Extreme Heat

Although B.C.'s South Coast does not typically experience the same extreme summer heat as other regions of Canada, our summer temperatures can climb to dangerous highs. Due to climate change, by 2050, cities across Canada, including Vancouver, Calgary, Ottawa, Toronto, and Quebec City are predicted to experience over four-times the number of very hot days as compared to 2012. 

This video provides an overview of the rising temperatures in BC cities, the associated mortalities in various Canadian provinces, the vulnerable populations most likely to be affected by extreme heat events, and also highlights some interventions and the importance of extreme heat plans to protect people's health.

In 2018, Squamish experienced four extreme heat events, some lasting several days at a time with temperatures in the high 30s.  Heat-related deaths and illnesses are 100% preventable, yet many people get sick or die every year during periods of extreme heat. 

The District of Squamish encourages everyone to follow Vancouver Coastal Health’s hot weather tips below:


Show All

Extreme Heat Tips

  • Keep cool

    • Spend at least several hours every day in an air-conditioned facility (such as a shopping centre, library, community centre or restaurant).

    • Use public splash pools, water parks or pools or take a cool bath or shower.

    • At current temperatures, fans alone are not effective. Applying cool water mist or wet towels to your body prior to sitting in front of a fan is a quick way to cool off.

    • Dress for the weather by wearing loose, lightweight clothing. Protect yourself from the sun by wearing a wide-brimmed hat and sunglasses.

    • Keep your home cool. Open windows (ensuring children are not at risk of falling from them), close shades or blinds, use an air conditioner and prepare meals that do not require an oven.

    • Avoid sunburn, stay in the shade or use sunscreen with SPF 30 or more.

    • Avoid tiring work or exercise in the heat. If you must exercise, drink two to four glasses of non-alcoholic fluids each hour. Limit outdoor activity during the day to early morning and evening.

  • Stay hydrated

    • Drink cool, non-alcoholic beverages (preferably water) irrespective of your activity intake. Don't wait until you are thirsty.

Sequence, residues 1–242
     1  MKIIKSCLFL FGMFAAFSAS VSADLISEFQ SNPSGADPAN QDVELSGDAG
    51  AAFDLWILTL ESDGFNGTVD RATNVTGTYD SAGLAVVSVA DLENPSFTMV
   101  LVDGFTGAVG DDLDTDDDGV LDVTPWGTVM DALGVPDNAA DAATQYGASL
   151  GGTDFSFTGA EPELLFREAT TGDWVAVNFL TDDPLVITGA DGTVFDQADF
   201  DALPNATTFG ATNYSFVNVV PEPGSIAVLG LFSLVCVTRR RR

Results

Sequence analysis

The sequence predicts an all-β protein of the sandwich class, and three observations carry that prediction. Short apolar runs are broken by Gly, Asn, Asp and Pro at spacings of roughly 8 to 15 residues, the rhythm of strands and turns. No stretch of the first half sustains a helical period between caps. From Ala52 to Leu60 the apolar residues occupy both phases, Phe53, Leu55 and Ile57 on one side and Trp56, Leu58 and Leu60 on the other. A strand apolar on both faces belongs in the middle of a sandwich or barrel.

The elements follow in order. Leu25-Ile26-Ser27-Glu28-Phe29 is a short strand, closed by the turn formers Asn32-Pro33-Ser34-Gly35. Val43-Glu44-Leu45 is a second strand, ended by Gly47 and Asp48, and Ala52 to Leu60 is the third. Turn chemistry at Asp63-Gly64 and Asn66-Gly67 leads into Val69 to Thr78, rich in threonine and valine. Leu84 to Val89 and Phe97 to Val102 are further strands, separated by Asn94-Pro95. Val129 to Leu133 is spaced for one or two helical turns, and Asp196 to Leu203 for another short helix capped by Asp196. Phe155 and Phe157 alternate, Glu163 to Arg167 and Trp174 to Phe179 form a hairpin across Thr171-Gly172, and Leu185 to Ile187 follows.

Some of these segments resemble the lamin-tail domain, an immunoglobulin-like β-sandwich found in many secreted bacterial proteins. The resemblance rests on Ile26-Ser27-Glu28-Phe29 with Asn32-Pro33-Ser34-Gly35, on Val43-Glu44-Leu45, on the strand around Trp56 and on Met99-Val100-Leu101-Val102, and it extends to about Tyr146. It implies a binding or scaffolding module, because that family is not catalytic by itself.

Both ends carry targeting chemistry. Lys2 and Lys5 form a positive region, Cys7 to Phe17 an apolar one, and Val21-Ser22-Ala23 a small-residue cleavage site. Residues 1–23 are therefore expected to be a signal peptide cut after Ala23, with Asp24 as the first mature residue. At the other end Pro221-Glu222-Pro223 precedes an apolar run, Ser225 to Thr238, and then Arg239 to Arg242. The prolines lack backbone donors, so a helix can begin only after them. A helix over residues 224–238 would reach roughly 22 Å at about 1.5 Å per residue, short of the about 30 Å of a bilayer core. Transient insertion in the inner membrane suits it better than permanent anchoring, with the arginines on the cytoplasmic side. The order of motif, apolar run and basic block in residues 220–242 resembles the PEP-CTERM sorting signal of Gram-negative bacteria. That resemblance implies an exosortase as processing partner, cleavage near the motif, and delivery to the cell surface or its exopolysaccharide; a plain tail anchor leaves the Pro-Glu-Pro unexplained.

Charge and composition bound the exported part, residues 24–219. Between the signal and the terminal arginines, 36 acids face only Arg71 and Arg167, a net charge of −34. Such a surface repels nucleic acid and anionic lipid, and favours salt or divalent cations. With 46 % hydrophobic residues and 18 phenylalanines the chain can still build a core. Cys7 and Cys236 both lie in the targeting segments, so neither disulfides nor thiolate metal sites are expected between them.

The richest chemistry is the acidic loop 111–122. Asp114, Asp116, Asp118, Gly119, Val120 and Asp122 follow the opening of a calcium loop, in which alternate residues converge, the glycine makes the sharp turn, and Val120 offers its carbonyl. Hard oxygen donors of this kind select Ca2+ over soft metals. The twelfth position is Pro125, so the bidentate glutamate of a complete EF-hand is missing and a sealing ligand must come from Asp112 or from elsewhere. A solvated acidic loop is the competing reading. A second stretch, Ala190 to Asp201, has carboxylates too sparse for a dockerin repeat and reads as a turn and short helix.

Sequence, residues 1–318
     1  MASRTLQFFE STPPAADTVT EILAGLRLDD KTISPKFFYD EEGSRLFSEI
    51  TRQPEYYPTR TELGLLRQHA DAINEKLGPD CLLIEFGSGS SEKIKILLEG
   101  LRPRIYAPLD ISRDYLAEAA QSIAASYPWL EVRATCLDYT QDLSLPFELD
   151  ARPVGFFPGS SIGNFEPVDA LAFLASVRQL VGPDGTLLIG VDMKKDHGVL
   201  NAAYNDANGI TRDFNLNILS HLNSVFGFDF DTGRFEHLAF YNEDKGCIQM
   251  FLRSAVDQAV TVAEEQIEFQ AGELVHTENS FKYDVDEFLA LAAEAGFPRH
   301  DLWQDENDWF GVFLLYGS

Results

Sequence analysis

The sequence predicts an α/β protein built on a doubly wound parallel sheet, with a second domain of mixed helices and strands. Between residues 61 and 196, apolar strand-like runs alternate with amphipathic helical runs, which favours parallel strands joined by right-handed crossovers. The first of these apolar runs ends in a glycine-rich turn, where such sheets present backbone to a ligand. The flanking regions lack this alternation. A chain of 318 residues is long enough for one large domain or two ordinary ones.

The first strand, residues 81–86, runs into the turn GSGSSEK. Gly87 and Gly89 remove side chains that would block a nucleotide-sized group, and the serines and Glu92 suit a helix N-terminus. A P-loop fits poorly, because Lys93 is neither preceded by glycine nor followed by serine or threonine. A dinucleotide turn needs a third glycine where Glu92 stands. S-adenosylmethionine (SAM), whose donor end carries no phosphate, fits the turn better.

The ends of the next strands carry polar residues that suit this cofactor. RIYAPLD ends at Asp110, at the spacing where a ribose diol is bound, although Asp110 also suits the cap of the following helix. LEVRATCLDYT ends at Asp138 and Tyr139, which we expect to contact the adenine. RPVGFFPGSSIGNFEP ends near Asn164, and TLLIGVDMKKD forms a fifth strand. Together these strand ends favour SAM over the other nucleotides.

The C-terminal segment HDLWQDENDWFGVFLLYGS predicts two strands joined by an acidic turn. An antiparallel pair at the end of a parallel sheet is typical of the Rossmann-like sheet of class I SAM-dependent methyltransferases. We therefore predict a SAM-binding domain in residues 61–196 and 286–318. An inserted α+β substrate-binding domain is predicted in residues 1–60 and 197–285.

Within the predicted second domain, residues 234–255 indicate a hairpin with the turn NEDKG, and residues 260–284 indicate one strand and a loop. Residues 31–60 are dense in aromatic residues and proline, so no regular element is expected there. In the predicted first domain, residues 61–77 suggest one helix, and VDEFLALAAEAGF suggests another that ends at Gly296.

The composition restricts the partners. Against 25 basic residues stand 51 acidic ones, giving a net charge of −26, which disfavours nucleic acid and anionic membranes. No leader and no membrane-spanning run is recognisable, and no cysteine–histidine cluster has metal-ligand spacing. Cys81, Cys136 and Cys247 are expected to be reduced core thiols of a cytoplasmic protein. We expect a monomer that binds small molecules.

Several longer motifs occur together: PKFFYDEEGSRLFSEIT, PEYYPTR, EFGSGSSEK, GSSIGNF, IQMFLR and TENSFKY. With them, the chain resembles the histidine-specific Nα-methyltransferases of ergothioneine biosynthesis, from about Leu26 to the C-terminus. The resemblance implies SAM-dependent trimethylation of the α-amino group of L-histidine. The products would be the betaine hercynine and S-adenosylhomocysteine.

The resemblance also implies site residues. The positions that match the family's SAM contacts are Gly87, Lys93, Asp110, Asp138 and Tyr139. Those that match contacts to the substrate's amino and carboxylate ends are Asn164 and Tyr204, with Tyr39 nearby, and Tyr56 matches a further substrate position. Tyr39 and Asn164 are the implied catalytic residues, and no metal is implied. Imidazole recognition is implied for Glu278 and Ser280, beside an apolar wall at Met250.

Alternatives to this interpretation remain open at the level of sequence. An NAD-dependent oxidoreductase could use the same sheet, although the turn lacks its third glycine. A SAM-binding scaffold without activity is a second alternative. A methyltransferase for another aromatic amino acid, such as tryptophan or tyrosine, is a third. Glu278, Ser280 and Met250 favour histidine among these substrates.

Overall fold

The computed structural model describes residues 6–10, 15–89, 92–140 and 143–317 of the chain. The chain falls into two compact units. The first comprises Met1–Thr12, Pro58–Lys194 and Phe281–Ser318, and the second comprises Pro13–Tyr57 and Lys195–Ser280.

• If your doctor generally limits the amount of fluid you drink or has you on water pills, ask about increasing the amount of water you can drink while the weather is hot.

  • Check on others

    • People living alone are at high risk of severe heat related illness. Check in regularly with anyone who lives alone, particularly older people, those with mental illness and anyone else who is unable to leave their un-air conditioned homes, for signs of heat-related illness. 

    • Ask whether people know how to prevent heat-related illness and are taking precautions. 

    • If they are unwell, move them to a cool shady spot, help them get hydrated and call for medical assistance if required.

  • NEVER leave children or pets alone in a parked car.

    Temperatures can rise to 52°C (125°F) within 20 minutes in an enclosed vehicle when the outside temperature is 34°C (93°F). Leaving the car windows slightly open or "cracked" will not keep the inside of the vehicle at a safe temperature.

  • Coping with poor air quality

    Increased temperatures are often accompanied by worsening air quality. Smog is a visible example of air pollution and most people know that smog levels increase during the hottest months. Aside from the visual displeasure that smog creates, summertime air pollution is also a serious health issue. Read on to find out more about what you can do to keep safe and to help minimize air pollution this summer.

    Air pollution can contribute to negative health effects ranging from increased respiratory symptoms to hospitalizations and premature deaths. According to health researchers, children, the elderly and people with a pre-existing cardiac or respiratory illness are most at risk. As the air quality deteriorates, you may consider reducing, rescheduling, or avoiding strenuous outdoor activities, especially if you are experiencing symptoms such as coughing or throat irritation.

    Residents are requested to reduce emissions to the atmosphere by minimizing the use of their automobiles and curtailing other activities which may lead to excess air emissions. For current air quality conditions, go to BC Air Quality.

  • Reducing the risk of interface fires

    Person-caused interface fires are always preventable. Person-caused interface fires are those related to carelessly discarded cigarettes, brush fires, construction, recreation, and arson. The risk of wildfires goes up when the temperature increases, so follow the tips below to minimize your chance of starting an interface fire this summer.

    • Campfires may be banned. Please check BC Wild Fire Status or BC Parks Fire Restrictions for more information.
    • Do not discard smoking materials from vehicles - use interior ashtrays
    • Lawn equipment should have properly working spark arresters to prevent sparks from exiting through the exhaust pipes
  • Stay informed

    There are many ways to stay informed during an extreme heat event, such as:

     Weather Conditions Links

  • Safety and Preparedness Links

We use cookies to help improve our website for you.